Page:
and will pour his enlightening rays upon thee.” So while we are
sleeping and dead in our sin, it is true that the Sun of righteousness
(Malachi 4:2) is up shining upon this world of ours, and we must up
and catch His rays. Other men are up and doing their work under
the light of this Sun; why should we be asleep and dead in sin?
The Walk Suitable to the Children of Light:
No Fellowship with Sins of the Flesh (vs. 1-14)
· SINS OF THE FLESH DENOUNCED, with a corresponding sin of the
spirit — covetousness (vs. 3-4).
· REASONS WHY SUCH SINS SHOULD BE RENOUNCED BY
No such person has
any inheritance in the
ü The wrath of God cometh — is present and visible — for such things on
very evil men (
ü They belong to the world of darkness, and Christians are children of
light (v. 8).
ü Christians, as living in the Spirit, should bring forth the fruit of the Spirit
ü They should ascertain and follow only what is pleasing to Christ (v. 10).
· REASONS WHY SUCH SINS SHOULD BE REPROVED BY
ü They are so evil that it is a sin even to speak of them (v. 12).
ü The true character of such sins is seen by light let in on them (v. 13).
ü The light has a tendency to transform (v. 13), and by letting in the light
that shows the odiousness of the sin you may be the means of changing
the sinner; while you reprove you may also improve him.
ü It is for this purpose the Church has got the light — when the light is
brought to her, her Lord calls on her to awake and shine (v. 15). Such
precepts and considerations have
a wider bearing than
groves. Sins of the flesh flourish even in Christian lands. Young men!
Lay these things to heart; fear God and keep His commandments, and
be not misled by any of the sophistry to which you listen; for they
that are Christ’s have crucified the flesh, with the affections and lusts.
Two Worlds of One Race (vs. 11-14)
“And have no fellowship with the unfruitful works of darkness, but rather
reprove them. For it is a shame even to speak of those things which are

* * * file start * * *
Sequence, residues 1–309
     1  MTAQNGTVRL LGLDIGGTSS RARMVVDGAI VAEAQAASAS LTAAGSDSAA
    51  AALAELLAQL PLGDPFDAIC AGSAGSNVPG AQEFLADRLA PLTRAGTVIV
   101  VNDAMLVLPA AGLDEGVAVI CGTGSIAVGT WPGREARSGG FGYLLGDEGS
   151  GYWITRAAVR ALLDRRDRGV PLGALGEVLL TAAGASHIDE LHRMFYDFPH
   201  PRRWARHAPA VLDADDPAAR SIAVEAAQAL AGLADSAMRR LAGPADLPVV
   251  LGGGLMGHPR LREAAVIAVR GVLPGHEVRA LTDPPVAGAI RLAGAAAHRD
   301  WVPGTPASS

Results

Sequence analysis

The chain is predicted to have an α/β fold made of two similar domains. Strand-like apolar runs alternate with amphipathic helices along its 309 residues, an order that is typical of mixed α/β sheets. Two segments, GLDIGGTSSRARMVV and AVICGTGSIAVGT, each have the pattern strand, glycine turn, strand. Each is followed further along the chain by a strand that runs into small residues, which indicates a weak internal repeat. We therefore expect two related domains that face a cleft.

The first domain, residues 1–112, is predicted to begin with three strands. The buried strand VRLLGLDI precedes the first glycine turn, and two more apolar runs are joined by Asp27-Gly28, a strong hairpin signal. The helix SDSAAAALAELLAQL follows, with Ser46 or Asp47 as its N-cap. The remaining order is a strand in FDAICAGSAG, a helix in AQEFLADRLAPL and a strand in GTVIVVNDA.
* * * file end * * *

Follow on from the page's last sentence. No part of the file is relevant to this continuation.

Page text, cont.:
done of them in secret. But all things that are reproved are made manifest
by the light: for whatsoever doth make manifest is light. Wherefore he
saith, Awake thou that sleepest, and arise from the dead, and Christ shall
give thee light.” The text may be regarded as a portraiture of two distinct
worlds of men on this earth:
(1) the world of the wicked and
(2) the world of the Christly.
Here we have:
· THE WORLD OF WICKED MEN. The characteristics of these men are
ü They are worthless. Their works are “the unfruitful works of darkness.”
Ungodly men live in moral darkness. The sun, which alone reveals things as
they are in the spiritual world, shines not in their heavens. All the light they
have are the electric flashes of an impure atmosphere. They work in the
dark, and their works are “unfruitful.” That is “unfruitful “‘ of good. The
soil that is sterile as regards its capability of producing fruit is often fertile
in its capacity to produce noxious weeds and poisonous herbs; so the
ungodly soul — it is unfruitful in goodness, but prolific in crime.
ü They are clandestine. “Which are done of them in secret.” Though there
may be an allusion here to the abominable mysteries which were celebrated
character of a sinful life. All is secret. Sin is necessarily hypocritical; it
speaks in a false voice; it works under masks. The more corrupt the human
soul the more sneakish and clandestine. The good alone can afford to be
bland and open.
ü They are shameful. “For it is a shame even to speak of those things.”
Heathenism has ever abounded and still abounds with nameless iniquities
(Romans 1:24-32). But sin in all its forms is a shameful thing. It is
essentially disgraceful, disreputable, and ignominious. A man has only to
think calmly of it in the light of conscience and God, in order to bring
burning blushes to his cheek. Sin is a shame. (Beware of what is spoken
in Jeremiah 8:12 – “Were they ashamed when they had committed